Thousands of people seek medical treatment for dog bite injuries each year. While many dog bites are superficial wounds, they carry a significant risk of infection, and some people are seriously injured or even killed when dogs attack.
Most states in the nation have some form of legislation that has been put in place to prevent dog bite injuries, including leash laws, laws preventing the sale of certain breeds, and even vicious dog laws that require the animal to be kept in an enclosed area or muzzled and impose criminal penalties on the dog’s owner if a dog with a known history of aggressive behavior bites someone. For legal guidance contact our dog bite lawyer.
What Is a Dangerous Dog Law?
According to the American Society for the Prevention of Cruelty to Animals (ASPCA), aggression in dogs is a combination of a lack of appropriate training and socialization of the animal as well as a genetic predisposition to be wary of strangers, predatory of smaller animals, or aggressive toward other animals and a lack of supervision by the dog’s owner.
Dangerous dog laws hold dog owners accountable for failing to supervise their dogs or encouraging aggressive or predatory behavior. However, in more than half of the states in the nation, municipalities and organizations are allowed to create laws targeting specific breeds of dogs, which is something the ASPCA is against, as this type of legislation rarely considers the disposition and training of a particular dog and also fails to place the blame for dog bites on the owner for allowing their dog to be off-leash in public areas or failing to post warning signs letting visitors know to beware of the dog’s potential to be aggressive, as well as encouraging aggressive behavior.
Dangerous dog laws can vary significantly from state to state. For example, in Georgia, if someone has a dog off-leash and off-property that animal control authorities have deemed dangerous, the state can euthanize the dog and charge the owner with a felony with fines of $10,000 and imprisonment of 10 years, according to Michigan State University’s Animal Legal & Historical Center. Research published by the Connecticut General Assembly reveals how several other states define dangerous dogs in their laws, including:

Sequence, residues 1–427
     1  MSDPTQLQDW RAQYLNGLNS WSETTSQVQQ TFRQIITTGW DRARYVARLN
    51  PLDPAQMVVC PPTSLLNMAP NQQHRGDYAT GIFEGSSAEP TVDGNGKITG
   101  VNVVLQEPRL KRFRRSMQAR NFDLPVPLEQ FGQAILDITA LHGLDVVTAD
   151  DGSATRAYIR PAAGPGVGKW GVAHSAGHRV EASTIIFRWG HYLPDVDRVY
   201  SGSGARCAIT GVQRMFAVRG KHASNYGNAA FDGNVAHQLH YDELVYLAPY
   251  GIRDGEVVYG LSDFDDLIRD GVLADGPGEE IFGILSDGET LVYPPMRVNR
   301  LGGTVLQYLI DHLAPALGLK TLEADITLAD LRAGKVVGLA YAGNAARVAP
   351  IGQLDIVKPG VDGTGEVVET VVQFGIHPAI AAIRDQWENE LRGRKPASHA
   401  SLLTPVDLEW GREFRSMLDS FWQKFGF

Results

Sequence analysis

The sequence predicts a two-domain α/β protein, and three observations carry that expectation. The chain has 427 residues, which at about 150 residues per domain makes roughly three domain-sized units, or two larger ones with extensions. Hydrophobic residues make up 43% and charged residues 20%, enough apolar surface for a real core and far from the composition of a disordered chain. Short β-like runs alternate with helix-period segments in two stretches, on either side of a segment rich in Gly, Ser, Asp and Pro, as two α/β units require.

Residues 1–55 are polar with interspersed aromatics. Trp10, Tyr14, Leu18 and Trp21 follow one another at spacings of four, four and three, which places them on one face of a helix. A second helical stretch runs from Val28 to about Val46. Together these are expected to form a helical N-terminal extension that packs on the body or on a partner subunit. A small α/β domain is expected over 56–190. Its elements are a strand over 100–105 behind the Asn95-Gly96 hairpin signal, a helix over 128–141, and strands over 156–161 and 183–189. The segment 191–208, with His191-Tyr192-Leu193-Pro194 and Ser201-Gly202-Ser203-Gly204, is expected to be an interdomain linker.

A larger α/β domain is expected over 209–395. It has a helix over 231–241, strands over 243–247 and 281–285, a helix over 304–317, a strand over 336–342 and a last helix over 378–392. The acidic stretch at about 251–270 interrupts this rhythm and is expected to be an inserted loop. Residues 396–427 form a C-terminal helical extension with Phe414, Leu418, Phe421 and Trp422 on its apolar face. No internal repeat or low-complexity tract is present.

- California: A potentially dangerous or vicious dog is defined as one that has engaged in behavior off the owner’s property at least twice in the preceding 36 months that required someone to take defensive action to avoid being harmed; has bitten someone, causing injury; or has killed a domestic animal on its owner’s property twice in the past 36 months. Owners of potentially dangerous or vicious dogs must register their animal with their city or county, keep the dog indoors or in an enclosed pen that the dog cannot escape and children cannot enter, and keep the dog leashed and under control when it is off the property. If a potentially dangerous or vicious dog attacks someone, the state can euthanize it or impose conditions on the owner to protect others.
- Florida: A dangerous dog is one that has bitten, attacked, or endangered a person on public or private property; has severely injured or killed a domestic animal while off its owner’s property; was used or trained for dog fighting; or has chased or aggressively approached someone on public property. In Florida, the local animal control authority must investigate all reports of incidents involving dangerous dogs, and must impound or securely contain the dog during this investigation. It cannot be sold or given away during the investigation. A hearing is held within seven days, and a determination is made based on the result of the investigation as to whether to classify the dog as dangerous. If the dog is dangerous, it will be required to be vaccinated and spayed or neutered if needed, and can also be tattooed for identification purposes. The dog’s owner may exercise them only in enclosed areas and must muzzle and leash them when off the property. If the dog attacks someone, the owner can face fines and even imprisonment.
- Illinois: This state places a distinction between dangerous dogs that approach someone in an aggressive manner, and the owner can be ticketed for a public nuisance if they allow the dog off the property, and vicious dogs. A vicious dog is defined as a dog that has been found to be dangerous on at least three occasions; attacks or bites a person or another animal without provocation; or has a history of viciousness, dangerousness, and unprovoked behavior. Owners of vicious dogs must keep the animal in an enclosed area with a fence at least six feet high. A local animal control agency can impound a vicious dog found outside of its enclosed area and will not return it unless the local or state animal control agency has approved its enclosure.
Are Breed Restrictions Considered Dangerous Dog Laws?
While 22 states prevent local ordinances that specifically name certain breeds in their dangerous dog laws, others allow these breed restrictions. For example, according to the publication Wag!, Miami, Florida, prohibits buying, keeping, or bringing pit bulls into the city. In San Francisco, dog owners can only have spayed or neutered pit bulls, and the owner must obtain a permit from animal control. The New York City Housing Authority bans pit bulls, Dobermans, and Rottweilers on all of its properties. Prince George’s County, Maryland, bans all bully breeds.
What Actions Can a Dangerous Dog’s Owner Take to Avoid Dog Bites?
The ASPCA supports dangerous dog laws that require the dog’s owner to protect others, including: